She did not stop serving her nation. She continued to meet with world leaders. 

She served her nation as she stripped her own son of his royal title and required that he face his criminal charges as a private citizen. 

We gasped as we learned she had contracted Covid. 

We celebrated her Platinum Jubilee via internet and television. 

Serving her nation on September 6, 2022, as head of state, she made the official appointment of Liz Truss as Prime Minister of England. 

Just more than 48 hours later, while the sun was rising on our continent, we learned Her Majesty Queen Elizabeth II was under medical supervision; we waited. Then we learned she passed from her physical life into her eternal journey. The longest reigning monarch in British history had died. 

Queen Elizabeth II met more world leaders her reign covered more Prime Ministers than any other Monarch of the United Kingdom.

More than two-thirds of her life was lived as queen. 

There will be 10 days of national mourning with a royal funeral anticipated to be held by September 17. We will be watching from our cellular phones, which did not exist at her birth, from our computer screens, another convention that did not exist at her birth and from our televisions, still another technological marvel that was not available when she was born. 

BBC made the announcement of her passing with somberness and respect and as the anchorman faded off camera, a profile photo of Queen Elizabeth II in full regal apparel appeared on the screen with a familiar melody accompanying the honoring of her passing.

The melody playing was the National Anthem for Britain, “God Save the Queen,” which came to be popular for Britons around 1744. The melody is taken from Symphony No. 3 by Muzio Cleminti. Since its selection as Brittan’s national anthem, the song shifts from queen to king, depending on who is holding the title.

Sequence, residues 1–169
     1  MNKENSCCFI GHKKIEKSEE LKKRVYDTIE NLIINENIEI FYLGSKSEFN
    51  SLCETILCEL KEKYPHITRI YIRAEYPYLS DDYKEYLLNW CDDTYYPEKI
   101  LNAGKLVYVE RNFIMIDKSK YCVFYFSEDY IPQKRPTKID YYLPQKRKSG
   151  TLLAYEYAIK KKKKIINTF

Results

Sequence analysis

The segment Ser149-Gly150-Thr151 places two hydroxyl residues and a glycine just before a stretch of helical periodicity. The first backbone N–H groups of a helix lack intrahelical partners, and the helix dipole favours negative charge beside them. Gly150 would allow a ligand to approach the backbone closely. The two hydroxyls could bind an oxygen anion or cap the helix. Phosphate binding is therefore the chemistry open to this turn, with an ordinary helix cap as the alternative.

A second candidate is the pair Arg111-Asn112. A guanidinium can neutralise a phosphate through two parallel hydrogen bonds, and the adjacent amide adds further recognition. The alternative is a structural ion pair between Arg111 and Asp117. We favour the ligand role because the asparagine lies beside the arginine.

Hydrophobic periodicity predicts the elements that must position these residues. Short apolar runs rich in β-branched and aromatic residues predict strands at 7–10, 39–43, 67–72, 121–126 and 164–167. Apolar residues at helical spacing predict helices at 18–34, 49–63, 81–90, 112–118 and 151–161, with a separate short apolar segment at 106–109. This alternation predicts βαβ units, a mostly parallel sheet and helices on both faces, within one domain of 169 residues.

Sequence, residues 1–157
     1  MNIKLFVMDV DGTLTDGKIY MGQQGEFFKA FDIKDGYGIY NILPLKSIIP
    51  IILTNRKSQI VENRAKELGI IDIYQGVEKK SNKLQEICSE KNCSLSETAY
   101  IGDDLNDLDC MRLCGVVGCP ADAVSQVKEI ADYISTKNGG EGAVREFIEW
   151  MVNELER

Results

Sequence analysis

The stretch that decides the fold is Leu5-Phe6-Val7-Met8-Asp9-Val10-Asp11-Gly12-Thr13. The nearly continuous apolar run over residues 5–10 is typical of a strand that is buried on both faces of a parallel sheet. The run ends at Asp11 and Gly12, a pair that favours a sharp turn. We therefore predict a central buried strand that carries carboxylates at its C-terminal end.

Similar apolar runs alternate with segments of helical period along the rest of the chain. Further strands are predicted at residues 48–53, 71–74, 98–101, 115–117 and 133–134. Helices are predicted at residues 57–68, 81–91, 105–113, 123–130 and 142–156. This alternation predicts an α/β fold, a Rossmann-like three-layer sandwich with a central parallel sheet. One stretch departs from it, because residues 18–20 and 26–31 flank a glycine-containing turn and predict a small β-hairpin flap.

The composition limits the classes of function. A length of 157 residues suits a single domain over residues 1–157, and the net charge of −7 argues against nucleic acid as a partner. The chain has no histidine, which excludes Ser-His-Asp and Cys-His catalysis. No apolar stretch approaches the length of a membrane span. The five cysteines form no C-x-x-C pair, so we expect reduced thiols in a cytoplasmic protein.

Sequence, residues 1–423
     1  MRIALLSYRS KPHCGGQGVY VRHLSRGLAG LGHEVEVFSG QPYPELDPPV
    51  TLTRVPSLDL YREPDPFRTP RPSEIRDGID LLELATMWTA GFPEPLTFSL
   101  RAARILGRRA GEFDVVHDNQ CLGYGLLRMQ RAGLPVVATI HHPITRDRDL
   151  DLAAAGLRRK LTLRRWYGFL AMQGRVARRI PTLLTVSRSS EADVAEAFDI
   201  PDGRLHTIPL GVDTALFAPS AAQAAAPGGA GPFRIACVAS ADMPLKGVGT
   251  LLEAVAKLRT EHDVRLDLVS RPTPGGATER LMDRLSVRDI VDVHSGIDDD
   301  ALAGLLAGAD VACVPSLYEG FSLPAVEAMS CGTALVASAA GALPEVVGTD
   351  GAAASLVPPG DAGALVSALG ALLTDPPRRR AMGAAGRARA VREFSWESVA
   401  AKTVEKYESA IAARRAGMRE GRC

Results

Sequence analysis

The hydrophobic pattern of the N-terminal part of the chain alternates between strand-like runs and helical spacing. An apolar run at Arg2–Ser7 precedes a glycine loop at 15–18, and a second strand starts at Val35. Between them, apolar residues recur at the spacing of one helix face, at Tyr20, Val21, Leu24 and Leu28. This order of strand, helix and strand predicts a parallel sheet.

This same melody is used for a song penned in 1831 by an American Seminary student, “My Country Tis of Thee”, a patriotic song that extols the values of America’s freedom and liberty. 

While the celebration of life for Queen Elizabeth II and the coming coronation of King Charles III takes place, our American ears will be listening to a familiar tune. A tune that as children we believed originated from our own nation. Yet the melody is from the nation from which our founding fathers rebelled and so many gave their lives so that our nation could be born.

Though we are a sovereign nation with a history, culture and future that has been carved out and will continue to be etched out by our people and our leaders, we are forever and always will be attached to the nation from which we were born. 

We in America do not fully understand the purpose of a monarchy. After all, America was birthed to rid ourselves of monarchy rule.

We are not obliged to follow the code of royalty, yet many of us will choose to honor the passing of her Majesty Queen Elizabeth II. She was a beloved woman, leader, wife, mother, grandmother, auntie, great-grandmother, mother-in-law, sister, daughter, granddaughter, and she rode out her life, living her choice to serve her people.